Johnny I. Henry says he was humiliated that Google and AOL returned search results that refer to him with a hateful term.
"In the case of 'Jew' as a search term, one of the top results has been an anti-Semitic site, and users were upset about that result, so we included the explanation," Google's official said. "But here's the key difference: 'Jew' is not a racial epithet (although it can certainly be used as one); if you search for a racial epithet, you can reasonably expect results related to that epithet, some of which may be unpleasant or even abhorrent. We remove results from search only if that content is illegal, such as child pornography."
Henry's lawsuit faces long odds. Section 230 of Title 47 of the United States Code exempts service providers like Google from liability for content posted by third parties. It will almost certainly be dismissed on that basis.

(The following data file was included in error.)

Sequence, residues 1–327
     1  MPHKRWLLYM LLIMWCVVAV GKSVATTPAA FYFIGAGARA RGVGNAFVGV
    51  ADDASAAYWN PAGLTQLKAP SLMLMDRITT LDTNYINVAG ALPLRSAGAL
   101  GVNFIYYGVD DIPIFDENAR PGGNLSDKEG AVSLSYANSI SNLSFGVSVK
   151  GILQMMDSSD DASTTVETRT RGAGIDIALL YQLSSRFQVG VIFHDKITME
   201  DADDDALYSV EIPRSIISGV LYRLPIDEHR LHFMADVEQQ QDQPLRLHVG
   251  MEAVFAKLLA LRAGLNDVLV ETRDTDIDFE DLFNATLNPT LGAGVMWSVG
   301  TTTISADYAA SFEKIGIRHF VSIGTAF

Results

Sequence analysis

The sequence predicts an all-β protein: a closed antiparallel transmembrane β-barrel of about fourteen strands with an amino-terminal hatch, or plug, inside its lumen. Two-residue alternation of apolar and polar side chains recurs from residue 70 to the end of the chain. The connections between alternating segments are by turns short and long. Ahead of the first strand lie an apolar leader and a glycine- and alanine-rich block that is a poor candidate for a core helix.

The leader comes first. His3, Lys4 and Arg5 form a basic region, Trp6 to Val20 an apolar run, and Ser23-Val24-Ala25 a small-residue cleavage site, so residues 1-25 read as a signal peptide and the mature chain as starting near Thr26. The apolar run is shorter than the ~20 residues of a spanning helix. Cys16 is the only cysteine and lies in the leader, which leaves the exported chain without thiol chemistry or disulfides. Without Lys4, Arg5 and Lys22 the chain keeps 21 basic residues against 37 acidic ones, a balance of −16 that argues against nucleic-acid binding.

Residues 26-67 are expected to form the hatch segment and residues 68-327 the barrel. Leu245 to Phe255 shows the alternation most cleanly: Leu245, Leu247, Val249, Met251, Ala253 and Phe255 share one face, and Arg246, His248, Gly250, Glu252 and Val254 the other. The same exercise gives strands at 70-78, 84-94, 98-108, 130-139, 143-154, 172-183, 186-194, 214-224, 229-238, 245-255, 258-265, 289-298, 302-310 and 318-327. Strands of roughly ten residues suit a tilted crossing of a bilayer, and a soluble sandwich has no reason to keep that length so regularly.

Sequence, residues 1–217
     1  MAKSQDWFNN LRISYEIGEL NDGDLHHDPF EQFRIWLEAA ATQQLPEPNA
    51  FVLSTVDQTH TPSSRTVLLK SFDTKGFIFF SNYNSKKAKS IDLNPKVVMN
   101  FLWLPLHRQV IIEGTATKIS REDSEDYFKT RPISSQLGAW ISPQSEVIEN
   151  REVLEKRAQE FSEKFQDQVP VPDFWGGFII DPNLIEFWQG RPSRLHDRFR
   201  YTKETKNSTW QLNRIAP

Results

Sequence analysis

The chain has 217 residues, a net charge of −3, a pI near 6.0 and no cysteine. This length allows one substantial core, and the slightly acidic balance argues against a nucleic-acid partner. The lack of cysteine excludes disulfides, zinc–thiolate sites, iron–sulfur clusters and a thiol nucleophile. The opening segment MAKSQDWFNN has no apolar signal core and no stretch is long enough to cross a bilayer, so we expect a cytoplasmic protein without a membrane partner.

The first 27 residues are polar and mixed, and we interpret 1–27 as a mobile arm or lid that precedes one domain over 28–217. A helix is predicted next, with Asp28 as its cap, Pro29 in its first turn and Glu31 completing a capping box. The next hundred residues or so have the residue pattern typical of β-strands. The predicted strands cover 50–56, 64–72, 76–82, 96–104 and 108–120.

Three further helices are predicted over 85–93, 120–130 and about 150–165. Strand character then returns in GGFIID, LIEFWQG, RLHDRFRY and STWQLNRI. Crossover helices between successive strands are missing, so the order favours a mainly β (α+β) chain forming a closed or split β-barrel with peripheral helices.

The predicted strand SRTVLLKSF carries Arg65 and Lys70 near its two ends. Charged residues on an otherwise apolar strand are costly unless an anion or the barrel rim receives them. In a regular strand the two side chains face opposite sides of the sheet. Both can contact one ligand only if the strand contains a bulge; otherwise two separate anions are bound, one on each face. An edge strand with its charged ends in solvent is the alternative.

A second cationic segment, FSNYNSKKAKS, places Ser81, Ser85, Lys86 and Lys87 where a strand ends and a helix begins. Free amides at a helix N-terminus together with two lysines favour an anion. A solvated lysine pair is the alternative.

Eric Goldman, associate professor at Santa Clara University School of Law, observes that's probably for the best.
"This issue comes up all the time, which is we think we can, through legal tools, force Google or other search engines to manage their search results better," he said. "And that's a sucker's bet. We all know that's a recipe for ultimately dooming search engines. From a legal standpoint it would be tempting to say we could do better, but chances are we would muck up the works."
At the same time, some people are trying to chip away at the protection afforded to Internet service providers by Section 230, Goldman said, though specific legislation to that effect has yet to be introduced. He points to the issue of cyberbullying.
In a blog post, he also pointed to a number of court cases that suggest some limits to the immunity granted by Section 230. "47 USC 230 has weathered plaintiff attacks very well in the past dozen years, but the last 6 months have opened up a number of angles for plaintiffs to explore," he wrote.